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Friday, November 01, 2013

Designer babies and related issues

The first part of this post is directed at Santanu Chatterjee, who has been very kindly and closely reading up and commenting upon several older posts. Why suddenly now, I wonder? But many thanks.

Also thanks for the prodding (this is with reference to your comment on my last post), but there were reasons why I haven't been writing for a while. Firstly, because I had already written four posts in October: that's about the monthly average. Secondly, I wanted the last post to stay on top for some time (you may be surprised to know that most visitors don't read anything beyond the last post - not even the comments). Thirdly, because a lot of momentous things have been happening in my life lately, and I have been rather more than usually preoccupied. Fourthly, I have written a very great deal on a very wide range subjects already over the last seven years and a half: no one is endlessly fertile with thoughts and ideas, and besides, one wants that readers keep visiting and reflecting and commenting upon older posts, as you have been doing lately: why should I have to keep coming up with new ones at the drop of a hat with unfailing regularity? Novelty for its own sake is neither very great nor good, and I don't work for Apple anyway... so thank you for prodding, but I hope this is a fairly adequate explanation.

Now as to things I have been thinking upon in between everything, here's one sample. Think about it, all, and let me know what you think. My take I shall mention if and when some sensible and thought-provoking comments come in.

5 comments:

Soham Mukhopadhyay said...

Dear Sir,

Just a few random thoughts that popped up in my head as soon as I finished reading the article :-

First of all, I sometimes get really sickened at how business entrepreneurs exploit some of the human weaknesses.I would like to begin with the craps called playschools. 'Playschools'- a term which brings a sudden moment of relief and joy in parents of today's age. They are relieved of the burden of parenting a child in his/her yesteryears and happy because the certain this or that organisation 'guarantees' them that their child will 'stay ahead' of others in the rat race of marks and examinations. I am simply disgusted with this - are they so busy that they do not have the time to bring up THEIR OWN CHILD? Are they so dull that they cannot teach their own child simple stuffs? What do they expect the playschools to do? Teach their children calculus?
I can proudly say that my mother brought me up while completing her M.A course while I simply feel sorry for those women whom I see before my eyes doing virtually nothing- yet can't find enough time to bring up her offspring.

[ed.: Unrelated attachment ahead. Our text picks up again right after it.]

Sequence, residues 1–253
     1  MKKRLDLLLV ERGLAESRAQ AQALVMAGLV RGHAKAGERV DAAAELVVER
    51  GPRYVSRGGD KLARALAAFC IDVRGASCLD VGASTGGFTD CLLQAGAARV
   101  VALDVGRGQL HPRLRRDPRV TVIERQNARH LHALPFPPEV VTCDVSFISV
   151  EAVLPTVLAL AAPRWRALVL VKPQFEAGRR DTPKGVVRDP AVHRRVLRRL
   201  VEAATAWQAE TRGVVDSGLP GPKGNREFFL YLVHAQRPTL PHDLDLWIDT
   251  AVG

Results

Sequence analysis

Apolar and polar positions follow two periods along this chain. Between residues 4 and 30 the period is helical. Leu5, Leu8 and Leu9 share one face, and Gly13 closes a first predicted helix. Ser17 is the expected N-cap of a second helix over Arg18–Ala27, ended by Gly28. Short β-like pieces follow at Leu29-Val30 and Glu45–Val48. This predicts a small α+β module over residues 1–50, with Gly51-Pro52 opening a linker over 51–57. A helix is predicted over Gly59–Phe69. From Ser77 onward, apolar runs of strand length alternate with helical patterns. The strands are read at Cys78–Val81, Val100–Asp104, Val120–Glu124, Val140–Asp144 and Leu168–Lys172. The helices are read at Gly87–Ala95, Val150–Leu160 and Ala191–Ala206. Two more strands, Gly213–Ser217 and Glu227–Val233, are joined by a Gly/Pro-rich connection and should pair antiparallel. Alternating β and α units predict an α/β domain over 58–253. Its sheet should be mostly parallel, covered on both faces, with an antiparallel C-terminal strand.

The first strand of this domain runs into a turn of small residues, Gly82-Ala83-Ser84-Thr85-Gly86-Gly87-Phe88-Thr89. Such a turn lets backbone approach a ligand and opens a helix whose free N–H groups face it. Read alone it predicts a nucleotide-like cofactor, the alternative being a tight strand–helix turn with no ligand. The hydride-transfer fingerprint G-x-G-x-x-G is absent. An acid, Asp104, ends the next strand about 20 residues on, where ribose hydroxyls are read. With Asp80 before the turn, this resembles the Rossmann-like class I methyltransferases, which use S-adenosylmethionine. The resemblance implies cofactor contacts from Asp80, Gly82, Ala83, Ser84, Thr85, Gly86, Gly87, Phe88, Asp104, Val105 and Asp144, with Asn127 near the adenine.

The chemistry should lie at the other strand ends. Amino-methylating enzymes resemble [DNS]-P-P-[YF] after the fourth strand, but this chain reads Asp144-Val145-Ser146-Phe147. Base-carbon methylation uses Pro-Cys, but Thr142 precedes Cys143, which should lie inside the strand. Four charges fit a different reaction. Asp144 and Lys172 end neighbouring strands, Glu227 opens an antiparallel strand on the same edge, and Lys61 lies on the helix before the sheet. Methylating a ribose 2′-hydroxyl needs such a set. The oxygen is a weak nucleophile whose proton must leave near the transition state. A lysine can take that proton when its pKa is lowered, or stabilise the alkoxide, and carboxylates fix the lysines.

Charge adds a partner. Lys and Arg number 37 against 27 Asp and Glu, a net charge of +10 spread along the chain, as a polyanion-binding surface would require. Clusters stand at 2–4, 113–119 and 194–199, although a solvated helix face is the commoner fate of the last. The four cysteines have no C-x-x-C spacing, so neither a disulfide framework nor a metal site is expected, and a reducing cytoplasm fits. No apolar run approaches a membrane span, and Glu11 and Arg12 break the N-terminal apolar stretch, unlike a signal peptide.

Secondly, as the article has pointed out- it has become a 'business' to give birth to a baby. 'Fertility industry'- are we playing with the laws of nature? Have women lost the power to judge things? Risking their own lives for the sake of money for completely unknown people? What was supposed to be a cure for infertility has ended up being the cradle for designer babies.I don't understand how can a woman have a baby in her womb and then part with it as soon as the baby is born. Can she be such hardhearted? It might be okay for those who are doing it for the people whom they know. But still....
I am really scared at what we are heading to. Each time Apple or Google launches a product- I just marvel at the fact that how hard have they worked to retrograde
the human race a bit more than before. As Sir says- a time will come when we will talk to each other by sign-languages only- as primitive humans used to do.
This is what the movies like 'Matrix', 'Terminator' or the latest release of 'Superman' wants us to tell. I am not a big fan of any of them- but still -such
a note rings common in all of them . Are we so blind to see that we are heading towards the very doom that these movies want us to realize?

And thirdly, I am stunned at the demands of people and to the extent to which they can go. How can a gay couple want another woman to give birth to a baby for them? And even if she does- the very concept of father and mother would be unclear to the child in first place. In my opinion , adopting a child would have been a much more sane and humane option for them . I mean no offence to those who are gay- but think of it- can't they simply accept the fact that they have to
sacrifice in one hand to gain in the other?

with regards,
Soham Mukhopadhyay

ginger candy said...

Dear Sir,